Seems like your chances of surviving the crisis may largely depend on availability of good counsel. Any crisis, particular global financial crisis is a stress test. I don't mean a stress test in the form of kindly FDIC and Treasury number massagers visiting your HQ loaded with imaginary scenarios, ready for free tea and coffee and hoping against hope to declare your financial institution hale and hearty. I mean a stress test in the sense of having to give your office furniture to friends, family and ex-girlfriends.
Speaking of the Treasury and FDIC, the bank bailout scheme appears to function as a brilliant scam on those idle enough to be savers, taxpayers or not receive bailouts. Central banks and Treasuries lend (give?) banks bailout funds at 0 to 50 basis point (1/2 of 1%) interest on the condition that these funds not be lost, in other words not lent to private companies which put it at risk by generating jobs, revenue, paying taxes, etc. The government “lends” at 0% interest so that funds can be “invested” in government debt at 2 to 4%. The banks “invest” these funds in Treasury or Central Bank debt instruments at 2 to 4% interest, and voila… 400% or more profit at no risk other than national default. Want to see Ci*ibank make a $2 - 4,000,000,000 profit? Easy, give them $100,000,000,000 in help and stand back. Good for the bailed out banks, not so good for their competitors, private companies, taxpayers, etc.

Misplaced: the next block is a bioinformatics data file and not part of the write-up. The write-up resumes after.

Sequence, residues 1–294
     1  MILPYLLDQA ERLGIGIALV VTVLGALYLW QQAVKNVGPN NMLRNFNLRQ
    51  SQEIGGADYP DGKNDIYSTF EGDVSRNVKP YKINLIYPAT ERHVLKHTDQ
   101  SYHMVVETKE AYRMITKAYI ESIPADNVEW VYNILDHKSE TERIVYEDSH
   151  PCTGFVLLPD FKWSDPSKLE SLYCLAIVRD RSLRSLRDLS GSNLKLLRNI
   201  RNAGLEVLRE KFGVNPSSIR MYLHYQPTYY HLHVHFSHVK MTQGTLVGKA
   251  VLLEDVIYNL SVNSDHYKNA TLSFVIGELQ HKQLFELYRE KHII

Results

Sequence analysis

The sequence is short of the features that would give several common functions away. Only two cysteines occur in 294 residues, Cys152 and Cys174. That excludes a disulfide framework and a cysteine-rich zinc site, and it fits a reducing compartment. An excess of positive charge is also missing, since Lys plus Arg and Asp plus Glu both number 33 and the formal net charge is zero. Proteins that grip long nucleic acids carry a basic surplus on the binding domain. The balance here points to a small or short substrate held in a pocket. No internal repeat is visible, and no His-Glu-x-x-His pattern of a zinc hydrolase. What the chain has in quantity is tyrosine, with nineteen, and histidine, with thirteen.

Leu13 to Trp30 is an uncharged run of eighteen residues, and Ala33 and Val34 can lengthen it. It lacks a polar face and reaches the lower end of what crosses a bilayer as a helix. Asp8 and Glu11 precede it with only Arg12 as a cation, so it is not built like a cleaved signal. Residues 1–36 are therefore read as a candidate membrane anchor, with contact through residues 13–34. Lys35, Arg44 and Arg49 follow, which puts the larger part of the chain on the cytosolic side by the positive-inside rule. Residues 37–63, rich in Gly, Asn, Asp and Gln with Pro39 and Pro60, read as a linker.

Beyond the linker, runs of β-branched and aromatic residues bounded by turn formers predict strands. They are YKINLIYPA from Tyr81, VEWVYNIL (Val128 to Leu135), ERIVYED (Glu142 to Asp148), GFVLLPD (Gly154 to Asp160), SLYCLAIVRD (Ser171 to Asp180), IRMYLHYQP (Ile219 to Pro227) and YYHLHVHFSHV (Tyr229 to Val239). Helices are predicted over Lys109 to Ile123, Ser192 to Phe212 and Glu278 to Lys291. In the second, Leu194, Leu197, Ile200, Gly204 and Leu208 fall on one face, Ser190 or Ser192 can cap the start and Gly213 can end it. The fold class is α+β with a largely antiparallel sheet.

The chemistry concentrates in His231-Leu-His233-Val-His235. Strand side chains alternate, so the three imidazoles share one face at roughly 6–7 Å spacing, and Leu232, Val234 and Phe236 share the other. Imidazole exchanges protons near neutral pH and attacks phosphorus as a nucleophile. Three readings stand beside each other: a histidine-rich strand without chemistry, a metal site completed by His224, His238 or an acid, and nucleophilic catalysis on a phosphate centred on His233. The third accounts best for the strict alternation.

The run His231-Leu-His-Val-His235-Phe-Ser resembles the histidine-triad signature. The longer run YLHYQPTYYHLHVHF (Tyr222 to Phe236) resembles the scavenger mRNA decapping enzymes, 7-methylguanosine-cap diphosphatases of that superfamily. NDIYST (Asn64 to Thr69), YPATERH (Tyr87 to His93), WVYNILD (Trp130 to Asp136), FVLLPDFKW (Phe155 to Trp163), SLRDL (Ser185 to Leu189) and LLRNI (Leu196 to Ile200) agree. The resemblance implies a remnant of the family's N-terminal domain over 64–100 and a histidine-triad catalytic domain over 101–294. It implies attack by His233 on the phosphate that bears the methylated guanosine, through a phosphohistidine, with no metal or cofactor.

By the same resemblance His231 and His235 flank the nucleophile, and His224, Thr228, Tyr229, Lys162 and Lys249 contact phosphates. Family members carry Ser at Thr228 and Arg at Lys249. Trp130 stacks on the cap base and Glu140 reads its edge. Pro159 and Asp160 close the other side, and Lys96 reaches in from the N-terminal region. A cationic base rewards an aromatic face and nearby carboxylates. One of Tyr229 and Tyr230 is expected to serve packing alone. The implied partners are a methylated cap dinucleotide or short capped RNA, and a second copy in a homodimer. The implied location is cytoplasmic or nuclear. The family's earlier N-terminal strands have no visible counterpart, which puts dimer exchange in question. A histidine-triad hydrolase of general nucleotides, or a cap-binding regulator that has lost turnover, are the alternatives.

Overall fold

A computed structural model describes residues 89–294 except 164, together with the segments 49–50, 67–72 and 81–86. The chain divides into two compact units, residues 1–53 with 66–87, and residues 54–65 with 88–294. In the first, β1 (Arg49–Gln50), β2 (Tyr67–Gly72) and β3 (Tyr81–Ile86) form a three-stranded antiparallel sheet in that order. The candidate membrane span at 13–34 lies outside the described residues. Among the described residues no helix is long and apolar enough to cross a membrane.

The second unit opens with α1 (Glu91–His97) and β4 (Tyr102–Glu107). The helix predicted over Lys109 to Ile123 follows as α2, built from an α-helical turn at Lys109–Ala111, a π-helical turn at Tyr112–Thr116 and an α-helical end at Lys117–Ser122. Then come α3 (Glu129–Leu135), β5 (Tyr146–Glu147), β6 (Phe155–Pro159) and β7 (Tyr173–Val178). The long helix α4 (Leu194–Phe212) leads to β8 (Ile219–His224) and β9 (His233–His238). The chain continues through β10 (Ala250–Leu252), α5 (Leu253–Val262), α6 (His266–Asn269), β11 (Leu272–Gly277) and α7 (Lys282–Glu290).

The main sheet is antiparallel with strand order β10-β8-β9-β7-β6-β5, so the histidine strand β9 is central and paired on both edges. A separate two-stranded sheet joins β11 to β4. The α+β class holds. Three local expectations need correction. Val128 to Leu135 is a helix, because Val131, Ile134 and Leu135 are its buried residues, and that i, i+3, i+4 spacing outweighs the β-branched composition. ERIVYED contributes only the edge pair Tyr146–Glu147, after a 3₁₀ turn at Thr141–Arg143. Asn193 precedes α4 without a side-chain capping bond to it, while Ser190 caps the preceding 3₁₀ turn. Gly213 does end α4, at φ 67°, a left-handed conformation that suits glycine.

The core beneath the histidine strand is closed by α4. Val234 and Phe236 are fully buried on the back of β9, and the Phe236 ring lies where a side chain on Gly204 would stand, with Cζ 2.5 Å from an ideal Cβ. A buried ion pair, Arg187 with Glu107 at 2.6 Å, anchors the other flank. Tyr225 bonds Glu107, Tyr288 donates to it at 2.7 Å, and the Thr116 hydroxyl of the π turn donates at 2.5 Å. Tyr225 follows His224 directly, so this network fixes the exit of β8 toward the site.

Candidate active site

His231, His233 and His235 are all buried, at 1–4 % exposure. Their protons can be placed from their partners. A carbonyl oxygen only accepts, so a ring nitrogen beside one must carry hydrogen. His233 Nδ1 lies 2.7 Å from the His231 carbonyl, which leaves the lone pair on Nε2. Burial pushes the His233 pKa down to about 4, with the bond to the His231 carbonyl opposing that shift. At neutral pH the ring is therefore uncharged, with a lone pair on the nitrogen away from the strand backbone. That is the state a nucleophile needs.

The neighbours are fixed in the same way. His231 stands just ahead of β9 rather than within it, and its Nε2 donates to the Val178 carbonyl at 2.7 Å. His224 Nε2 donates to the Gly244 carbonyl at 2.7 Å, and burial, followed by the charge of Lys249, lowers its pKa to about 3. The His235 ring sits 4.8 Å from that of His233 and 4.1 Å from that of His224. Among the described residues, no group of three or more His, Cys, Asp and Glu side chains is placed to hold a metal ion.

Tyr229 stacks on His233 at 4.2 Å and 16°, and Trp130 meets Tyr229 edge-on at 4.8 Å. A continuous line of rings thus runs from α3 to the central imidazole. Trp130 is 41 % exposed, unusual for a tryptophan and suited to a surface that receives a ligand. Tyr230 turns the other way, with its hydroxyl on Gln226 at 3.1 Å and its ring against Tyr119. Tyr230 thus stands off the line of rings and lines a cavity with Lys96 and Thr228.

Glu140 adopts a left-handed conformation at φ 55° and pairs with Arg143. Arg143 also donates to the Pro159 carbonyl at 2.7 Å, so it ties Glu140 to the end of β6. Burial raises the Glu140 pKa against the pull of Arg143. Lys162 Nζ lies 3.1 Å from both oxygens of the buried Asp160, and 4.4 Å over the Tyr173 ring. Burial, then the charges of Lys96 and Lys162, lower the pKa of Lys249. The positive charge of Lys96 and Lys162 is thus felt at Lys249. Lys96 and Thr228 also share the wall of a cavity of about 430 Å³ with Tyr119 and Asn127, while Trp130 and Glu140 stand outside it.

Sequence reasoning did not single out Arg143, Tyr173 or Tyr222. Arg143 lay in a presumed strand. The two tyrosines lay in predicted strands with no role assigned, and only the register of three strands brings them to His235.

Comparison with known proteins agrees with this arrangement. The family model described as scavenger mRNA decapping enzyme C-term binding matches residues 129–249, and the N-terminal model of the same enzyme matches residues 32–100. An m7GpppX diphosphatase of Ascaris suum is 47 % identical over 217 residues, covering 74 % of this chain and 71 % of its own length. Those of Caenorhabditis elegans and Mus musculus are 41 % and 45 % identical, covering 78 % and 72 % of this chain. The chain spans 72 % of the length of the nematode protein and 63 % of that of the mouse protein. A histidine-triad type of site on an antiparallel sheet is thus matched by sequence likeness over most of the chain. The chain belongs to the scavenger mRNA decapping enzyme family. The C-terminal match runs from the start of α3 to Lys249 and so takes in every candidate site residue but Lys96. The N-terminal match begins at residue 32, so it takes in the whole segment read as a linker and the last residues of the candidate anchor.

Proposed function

Back to why lawyers are important in a crisis. Despite persistent claims of peculiarism, Russia is no exception. There are signs of stabilization, financial corporate and securities projects appear to be on the distinct uptick. At the same time the number of vacant stores, vacant offices, recently fired executives, repatriated ex-pats, and other signs of street-level failure continue to proliferate. The crisis has severely tested the Russian legal system.
The crisis led to a litigation explosion, some so exotic as to appear bizarre. The spread of litigation arguing that transactions where funds were transferred, acknowledged, receipted and… never existed both strain the bounds of credulity and became so widespread that the head of the RF arbitrage courts formally advised that the court takes a dim view of this type of litigation. You can still win, and avoid payment for a year or more, but the court will think less of you. We saw the spread of litigation that appears in no meaningful way connected to the nexus of the transaction or common sense. One of the clearest examples is the much commented upon litigation against Telenor.
We have seen an explosion of Mosaic litigation. Litigation showing strong indicia of being intended solely for the purpose of imposing crushing legal costs on the opposition. A case of “if you can't beat them, impose a couple of million dollars’ worth of legal costs on them”, particularly if they are blessed to be represented by a major Western law firm billing out at $800 per hour. This enables litigation parties with counsel capable of establishing and implementing a viable litigation strategy to inflict devastating costs on their opponent at a low funding and manpower expense.